Revolt. She Said. Revolt Again. by Alice Birch calls for revolution against oppression. The seventh play of Season 2017 runs 16 June – 9 July and stars Belinda McClory, Elizabeth Esguerra, Ming-Zhu Hii and Sophie Ross.

John Harvey’s Heart is a Wasteland runs 29 June – 16 July. This co-production with Brown Cab Productions tells the story of a rising country star, driving north from South Australia to Alice Springs. It recognizes everyone’s worthiness of, and right to, love.

Dubbed the most controversial work of Season 2017, Kim Noble’s You’re Not Alone leads the audience through social experiments and shows them in detail. This black comedy is on 1-13 August and sets out to change the lack of compassion in the world in strange ways.

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Tom Wright’s The Real and Imagined History of The Elephant Man is the story of Joseph Merrick who joined the circus and was offered asylum at the London Hospital in 1879. His unfortunate death speaks volumes of the desire to be normal, as the play explores compassion, hope and hate. The tenth play of Season 2017 runs 4-27 August.

Tom Waits and William S. Burroughs bring Black Rider: The Casting of the Magic Bullets to Malthouse during 15 September – 8 October. This co-production musical with Victoria Opera has a cast including Meow Meow, Paul Capsis and Kanen Breen. The part opera, part vaudeville asks a lot of the cast as they explore a pact with the devil.

“This is a production that we could not pull off without an extraordinary ensemble of shapeshifters – performers that can move between cabaret, opera, theatre, vaudeville,” Lutton said.

“So I’m pretty excited to announce that we have a team of performers at the top of their game coming together for Black Rider.

“As Tom Waits would say, this production invites you to take off your skin and dance around in your bones.”

The final mainstage play is Colm Töibin’s The Testament of Mary, running 3-26 November. Pamela Rabe is The Virgin Mary, fighting others creating stories of her dead son. How myths are created and fanaticism are explored while trying to answer who has the right to tell stories like this.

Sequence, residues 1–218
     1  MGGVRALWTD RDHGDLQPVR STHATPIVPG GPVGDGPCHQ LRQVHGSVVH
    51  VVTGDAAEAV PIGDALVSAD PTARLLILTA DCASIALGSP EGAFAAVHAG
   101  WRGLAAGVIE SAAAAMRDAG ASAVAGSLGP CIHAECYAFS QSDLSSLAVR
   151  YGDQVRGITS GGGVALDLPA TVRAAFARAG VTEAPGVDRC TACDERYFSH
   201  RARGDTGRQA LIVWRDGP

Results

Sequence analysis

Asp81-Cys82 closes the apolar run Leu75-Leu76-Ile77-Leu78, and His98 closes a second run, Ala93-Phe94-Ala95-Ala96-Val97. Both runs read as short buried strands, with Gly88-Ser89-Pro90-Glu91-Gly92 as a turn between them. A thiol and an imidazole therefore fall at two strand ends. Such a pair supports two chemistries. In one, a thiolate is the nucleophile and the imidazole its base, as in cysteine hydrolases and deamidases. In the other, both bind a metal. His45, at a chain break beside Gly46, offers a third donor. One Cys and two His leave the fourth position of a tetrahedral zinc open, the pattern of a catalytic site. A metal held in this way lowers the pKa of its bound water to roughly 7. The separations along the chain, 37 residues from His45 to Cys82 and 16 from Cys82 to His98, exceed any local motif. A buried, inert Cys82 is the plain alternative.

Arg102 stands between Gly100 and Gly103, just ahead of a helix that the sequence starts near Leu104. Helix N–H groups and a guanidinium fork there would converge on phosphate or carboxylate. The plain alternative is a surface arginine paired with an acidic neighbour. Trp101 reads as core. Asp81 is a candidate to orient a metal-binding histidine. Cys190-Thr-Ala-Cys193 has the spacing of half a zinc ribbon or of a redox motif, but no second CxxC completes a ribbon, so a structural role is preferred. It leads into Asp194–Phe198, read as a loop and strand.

Two special events are in Season 2017: Anti Gravity (17-26 March) and Caravan of Love (dates TBC). Anti Gravity is a collaboration between Anouk van Dijk and Ho Tzu Nyen will be presented as part of Dance Massive and Asia TOPA and explores clouds and their influence. Caravan of Love is written by Patricia Cornelius, Melissa Reeves, Angus Cerini and Wayne Macauley, starring Susie Dee and Nicci Wilks. Taking over the Malthouse Forecourt, a mother and daughter have lived in a run down caravan for 40 years.

With this season, it’s clearer than ever before that Malthouse Theatre is very proud of pushing boundaries and creating confronting art. It’s also clear just how proud they are of the programs they nurture and deliver through various funds such as the Female Director in Residence, a program Matthew Lutton admits he wishes wasn’t necessary for 2017. Other programs include the Suitcase Series (Malthouse’s education program), Co.Lab Writer and Director Program and the Besen Family Artist Program.

As Matthew Lutton said prior to announcing the season, 2016 has been a successful year for Malthouse Theatre and they hope to build on that in 2017. This controversial and challenging season is set to engage audiences in a new way and hopefully allow the risks Malthouse is taking to pay off.

Malthouse invites audiences to “come sit in the dark and feel something” in 2017 and season passes are on sale now.